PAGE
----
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Red 2

Theatrical Review


Summit Entertainment; 116 minutes

Director: Dean Parisot


Written by on July 17, 2013 




For DC Comics imprint Homage’s Red, screenwriters Jon and Erich Hoeber turned Warren Ellis and Cully Hamner’s original work into a surprise box office hit with an inspired cast of aged, former CIA operatives presently labeled “Retired: Extremely Dangerous.” The goal with any successful comic book adaptation is then to green light a sequel in the hopes lightning will strike twice in a bigger and better way. Like many before them, however, the task of expanding on a winner is never easy when nonexistent expectations are raised to the point of prematurely breaking ground on a third installment. Rather than stick with what worked—a fun action romp set stateside amongst internal government corruption—the Hoebers looked to branch out into a globetrotting, transition-heavy adventure that plods along where its predecessor excited just three years ago.

The great thing about sequels is their return audience making extensive exposition unnecessary. Red 2 doesn’t need to reintroduce Frank (Bruce Willis), Marvin (John Malkovich), Victoria (Helen Mirren), and Sarah (Mary-Louise Parker) because we’ve already gone black-ops with them before. The gang just has to find a reason to get back together once their mundanely suburban existences return with a vengeance. Opening at Costco—the first major brand placement with Papa John’s following suit later on—we see how quiet homemaking has sucked the passion right out of Frank and Sarah’s relationship. Thrust together while running for their lives, now they’re discussing backyard grills and jumbo shrimp with fake, indifferent smiles. Thankfully, Marvin’s paranoia still proves more than senility and assassins soon arrive to take them out again.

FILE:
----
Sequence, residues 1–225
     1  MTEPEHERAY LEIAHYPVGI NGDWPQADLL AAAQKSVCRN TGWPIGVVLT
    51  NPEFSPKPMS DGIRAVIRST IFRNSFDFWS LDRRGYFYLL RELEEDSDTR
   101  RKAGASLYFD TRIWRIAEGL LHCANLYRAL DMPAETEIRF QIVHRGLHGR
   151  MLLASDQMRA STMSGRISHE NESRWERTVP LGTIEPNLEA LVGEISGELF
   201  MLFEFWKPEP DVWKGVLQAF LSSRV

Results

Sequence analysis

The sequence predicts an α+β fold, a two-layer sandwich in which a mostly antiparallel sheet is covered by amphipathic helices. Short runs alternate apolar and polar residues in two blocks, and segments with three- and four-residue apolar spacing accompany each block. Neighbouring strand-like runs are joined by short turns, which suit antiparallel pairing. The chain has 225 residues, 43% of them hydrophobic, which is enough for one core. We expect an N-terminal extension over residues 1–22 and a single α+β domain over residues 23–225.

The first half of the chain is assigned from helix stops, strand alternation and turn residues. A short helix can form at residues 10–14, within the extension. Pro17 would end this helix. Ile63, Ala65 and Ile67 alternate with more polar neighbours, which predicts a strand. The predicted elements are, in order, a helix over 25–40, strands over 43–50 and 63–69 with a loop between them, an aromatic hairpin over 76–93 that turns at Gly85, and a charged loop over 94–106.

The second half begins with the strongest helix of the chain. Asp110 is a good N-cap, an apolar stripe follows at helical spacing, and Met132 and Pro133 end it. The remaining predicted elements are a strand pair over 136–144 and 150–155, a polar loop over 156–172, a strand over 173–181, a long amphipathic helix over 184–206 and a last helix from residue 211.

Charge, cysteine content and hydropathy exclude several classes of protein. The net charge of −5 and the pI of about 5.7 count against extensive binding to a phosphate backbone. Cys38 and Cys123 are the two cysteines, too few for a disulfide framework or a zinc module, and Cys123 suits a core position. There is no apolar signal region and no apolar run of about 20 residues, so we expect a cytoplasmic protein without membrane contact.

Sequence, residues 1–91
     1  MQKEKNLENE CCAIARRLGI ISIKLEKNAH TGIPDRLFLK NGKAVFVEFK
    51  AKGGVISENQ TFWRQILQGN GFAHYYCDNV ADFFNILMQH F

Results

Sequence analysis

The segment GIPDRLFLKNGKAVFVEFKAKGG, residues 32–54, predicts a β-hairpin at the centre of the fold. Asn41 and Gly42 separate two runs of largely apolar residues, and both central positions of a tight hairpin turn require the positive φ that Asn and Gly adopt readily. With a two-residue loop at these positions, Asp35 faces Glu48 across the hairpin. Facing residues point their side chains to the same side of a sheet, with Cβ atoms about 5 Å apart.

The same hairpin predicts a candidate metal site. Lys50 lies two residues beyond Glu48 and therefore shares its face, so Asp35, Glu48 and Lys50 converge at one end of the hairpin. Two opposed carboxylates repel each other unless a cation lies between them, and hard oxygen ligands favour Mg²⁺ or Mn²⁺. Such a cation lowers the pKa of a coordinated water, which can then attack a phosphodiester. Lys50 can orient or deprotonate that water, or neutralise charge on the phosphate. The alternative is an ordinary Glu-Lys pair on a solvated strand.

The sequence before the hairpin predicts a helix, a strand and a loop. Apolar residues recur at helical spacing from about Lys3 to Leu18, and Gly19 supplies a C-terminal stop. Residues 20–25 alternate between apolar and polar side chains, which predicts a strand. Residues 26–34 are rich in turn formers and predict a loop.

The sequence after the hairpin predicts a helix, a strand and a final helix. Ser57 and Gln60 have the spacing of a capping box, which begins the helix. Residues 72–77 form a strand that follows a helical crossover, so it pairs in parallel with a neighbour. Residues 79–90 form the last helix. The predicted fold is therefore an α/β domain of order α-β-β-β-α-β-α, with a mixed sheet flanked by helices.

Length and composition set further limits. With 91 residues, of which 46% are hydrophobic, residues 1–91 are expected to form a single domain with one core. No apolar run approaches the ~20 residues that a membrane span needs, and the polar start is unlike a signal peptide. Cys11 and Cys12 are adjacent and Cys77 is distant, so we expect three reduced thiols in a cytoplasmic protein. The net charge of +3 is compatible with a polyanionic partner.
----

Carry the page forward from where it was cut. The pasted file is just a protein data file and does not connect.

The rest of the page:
Appearances are deceiving, though, as this welcome dose of familiarity turns into anything but very quickly. While Willis engages in a rollicking good bout against government hitman Jack Horton (Neal McDonough) and his CIA cronies to escape an interrogation about a Project Nightshade of which he thinks he knows nothing, any shred of adrenaline evaporates into a second act devoid of action besides a Parisian car chase more slapstick than Fast & Furious. We meet hired assassin Han (Byung-hun Lee), discover Victoria has accepted a contract to kill Frank, and learn Willis’ tough-guy badass is putty in the hands of Russian spy Katja (Catherine Zeta-Jones) all while hopping from America to London to Paris to Moscow with overdone animated wipes reminding us every ten minutes we’ve changed locales. And none of it really matters.

With only Malkovich’s eccentric sociopath to entertain while we bash our heads into the wall because Willis still can’t understand his girlfriend enjoys the danger, Red 2 progresses through a series of cutely funny events that unfold like a laundry list of checkpoints towards the final thirty minutes rather than a natural cause and effect journey. David Thewlis enters for a misguided scene of “I’m better than you” between Parker and Zeta-Jones; Brian Cox reprises his role from the first film with all the panache his Ivan possesses but none of the meat for his inclusion to matter; and Byung-hun Lee effectively kicks butt with a cooler door. We crawl through watching as the set dressers transform Montreal into four countries all to finally meet Anthony Hopkins’ batty genius Bailey so the real plot can begin.

From here the final act ratchets up the tension with its weapon of mass destruction threatening to annihilate the former Soviet Union. Malkovich and Hopkins ham it up hilariously and the type of fast-paced action we remember from Red makes a too little, too late appearance. Characters become gimmicks, running gags refuse to die—Frank stealing Han’s plane shouldn’t be the basis for countless, lazy references—and intriguing themes like turning Sarah’s innocent into a spy with a gun are glossed over in a way that makes any attempt at empathy elsewhere impossible. And while Karl Urban is a great actor who portrayed a fun mirror in the first film to remind these old-timers of their former no-questions-asked devotion to country, he wasn’t good enough to warrant three antagonists to make up for his absence.

Director Dean Parisot adequately makes everything look nice—save some obvious CG in scenes with fast moving cars and actor close-ups—but sadly never has enough to forgive the script for biting off way more than it should in pacing. What seemed a simple plot in the trailer is really a convoluted one I’d ruin by picking out exactly what’s misleading and the sheer number of players involved only muddies the water while the constant traveling destroys any momentum it does build. Red 2 is chock full of red herrings with none more glaring than the one tricking us into thinking the screenwriters’ return would retain the tone and feel of the first. The components are here to do so, but each piece is misused in a way that renders the experience an unfortunate disappointment.

RED 2 hits theaters Friday, July 19th.


C







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